WASHINGTON -- Concerned that a veritable army of Tea Partyers will descend on polling places in minority neighborhoods to challenge and intimidate voters on Election Day, two public interest groups on Monday called for government officials to take extra steps to protect voters' rights.
A new report from Common Cause and Demos, titled "Bullies at the Ballot Box," describes efforts by right-wing groups -- foremost among them, a Tea Party spin-off group called True the Vote -- to train as many as a million volunteers in "poll-watching."
"I think we have seen a much more coordinated and well-funded effort than we've seen in years past, and that's why it's so concerning," said Jenny Flanagan, director of voting and elections at Common Cause and one of the report's authors.
"The message behind their tactic I think is what's most concerning to us," she said, because the groups appear to be "targeting racial minorities and others who have a past of being targeted."
The report notes that True the Vote official Bill Ouren has told volunteers they should make voters feel "like driving and seeing the police following you." And the president of True the Vote coalition partner Judicial Watch has accused the Obama administration of trying to mobilize "the food stamp army" and "steal the election" with the "illegal alien vote."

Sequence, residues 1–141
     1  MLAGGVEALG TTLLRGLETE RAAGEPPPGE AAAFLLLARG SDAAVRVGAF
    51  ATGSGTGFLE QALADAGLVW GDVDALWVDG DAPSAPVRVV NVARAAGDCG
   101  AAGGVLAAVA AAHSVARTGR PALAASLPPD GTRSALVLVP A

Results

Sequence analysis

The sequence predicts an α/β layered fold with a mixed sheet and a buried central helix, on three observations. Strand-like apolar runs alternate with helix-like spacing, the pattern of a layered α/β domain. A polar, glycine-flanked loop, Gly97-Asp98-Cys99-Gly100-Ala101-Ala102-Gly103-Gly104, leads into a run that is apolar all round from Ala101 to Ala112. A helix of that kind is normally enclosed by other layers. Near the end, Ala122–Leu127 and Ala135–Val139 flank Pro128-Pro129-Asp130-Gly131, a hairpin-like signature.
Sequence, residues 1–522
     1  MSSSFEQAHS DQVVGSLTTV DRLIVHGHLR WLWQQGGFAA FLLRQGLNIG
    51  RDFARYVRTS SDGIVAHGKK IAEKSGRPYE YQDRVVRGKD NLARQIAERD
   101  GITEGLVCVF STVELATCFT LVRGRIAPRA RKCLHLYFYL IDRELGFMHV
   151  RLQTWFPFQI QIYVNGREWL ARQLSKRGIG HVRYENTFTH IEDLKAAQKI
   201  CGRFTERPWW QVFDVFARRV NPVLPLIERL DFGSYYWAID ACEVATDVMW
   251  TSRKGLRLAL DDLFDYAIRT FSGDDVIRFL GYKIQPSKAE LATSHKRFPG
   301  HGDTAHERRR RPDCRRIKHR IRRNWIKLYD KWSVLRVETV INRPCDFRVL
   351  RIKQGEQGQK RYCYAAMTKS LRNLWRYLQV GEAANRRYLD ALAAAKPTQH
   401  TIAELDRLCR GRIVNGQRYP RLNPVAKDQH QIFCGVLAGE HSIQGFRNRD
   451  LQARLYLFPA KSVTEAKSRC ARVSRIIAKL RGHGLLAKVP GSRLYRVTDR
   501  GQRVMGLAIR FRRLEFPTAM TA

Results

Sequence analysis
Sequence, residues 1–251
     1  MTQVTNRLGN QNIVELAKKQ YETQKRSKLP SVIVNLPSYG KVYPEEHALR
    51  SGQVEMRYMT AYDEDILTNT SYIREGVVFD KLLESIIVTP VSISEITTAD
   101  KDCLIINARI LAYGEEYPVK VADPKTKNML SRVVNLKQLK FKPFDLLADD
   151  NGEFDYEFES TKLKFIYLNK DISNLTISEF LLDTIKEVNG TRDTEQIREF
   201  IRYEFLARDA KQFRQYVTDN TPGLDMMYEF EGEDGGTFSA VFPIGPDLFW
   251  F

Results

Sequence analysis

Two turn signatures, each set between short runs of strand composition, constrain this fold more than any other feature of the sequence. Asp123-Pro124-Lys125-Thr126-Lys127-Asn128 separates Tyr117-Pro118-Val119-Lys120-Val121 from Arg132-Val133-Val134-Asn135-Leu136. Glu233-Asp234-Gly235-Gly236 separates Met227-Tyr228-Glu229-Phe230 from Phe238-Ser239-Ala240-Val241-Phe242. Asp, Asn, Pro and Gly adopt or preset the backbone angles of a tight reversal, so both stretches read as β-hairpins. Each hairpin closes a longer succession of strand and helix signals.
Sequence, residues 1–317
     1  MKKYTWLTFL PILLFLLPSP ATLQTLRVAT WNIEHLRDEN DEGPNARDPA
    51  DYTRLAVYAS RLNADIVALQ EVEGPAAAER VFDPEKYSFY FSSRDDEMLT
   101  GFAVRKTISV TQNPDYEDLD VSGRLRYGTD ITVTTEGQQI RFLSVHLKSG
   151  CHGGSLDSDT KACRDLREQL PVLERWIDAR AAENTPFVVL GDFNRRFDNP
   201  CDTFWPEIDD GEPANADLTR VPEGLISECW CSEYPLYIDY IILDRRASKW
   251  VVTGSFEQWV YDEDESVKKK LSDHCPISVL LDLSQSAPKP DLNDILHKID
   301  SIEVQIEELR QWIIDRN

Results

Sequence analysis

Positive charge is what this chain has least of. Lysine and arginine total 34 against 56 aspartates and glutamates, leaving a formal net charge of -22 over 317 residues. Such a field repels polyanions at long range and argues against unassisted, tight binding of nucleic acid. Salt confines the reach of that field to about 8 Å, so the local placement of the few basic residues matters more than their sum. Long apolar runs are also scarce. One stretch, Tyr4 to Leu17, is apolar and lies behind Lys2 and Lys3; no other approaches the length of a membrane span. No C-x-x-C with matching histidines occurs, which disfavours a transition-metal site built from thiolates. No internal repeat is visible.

True the Vote officials did not immediately respond to requests for comment.
"There is a real danger that voters will face overzealous volunteers who take the law into their own hands to target voters they deem suspect," the report concludes.
Voter intimidation at the polls would be the final act in a series of moves by various conservative organizations intended to limit participation by traditionally Democratic demographic groups, most notably minorities and students, in 2012.
Monday's report focuses on 10 swing states where it finds a mixed bag of state laws regarding such things as voter challenges before Election Day -- based on such things are returned mail -- and voter challenges on Election Day -- including limits on interference by poll watchers.
Federal law prohibits intimidation of voters, but as with the state rules, "those laws need to be enforced to be effective," Flanagan said.
The U.S. Department of Justice has not announced any special precautions for the November election. Its standard procedure is to assign election monitors and observers to polling places around the country on Election Day.
This story has been updated to note Justice Department policy on election monitors.
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